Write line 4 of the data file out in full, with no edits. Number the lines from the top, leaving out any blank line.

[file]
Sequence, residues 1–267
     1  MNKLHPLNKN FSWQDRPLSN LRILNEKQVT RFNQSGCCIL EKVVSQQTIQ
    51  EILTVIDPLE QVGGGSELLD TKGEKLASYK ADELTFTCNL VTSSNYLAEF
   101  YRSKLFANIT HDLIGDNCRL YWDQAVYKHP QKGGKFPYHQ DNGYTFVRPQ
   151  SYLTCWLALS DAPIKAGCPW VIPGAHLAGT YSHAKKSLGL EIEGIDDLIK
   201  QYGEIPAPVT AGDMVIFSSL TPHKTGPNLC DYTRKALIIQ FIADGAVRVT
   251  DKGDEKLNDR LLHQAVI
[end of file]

   101  YRSKLFANIT HDLIGDNCRL YWDQAVYKHP QKGGKFPYHQ DNGYTFVRPQ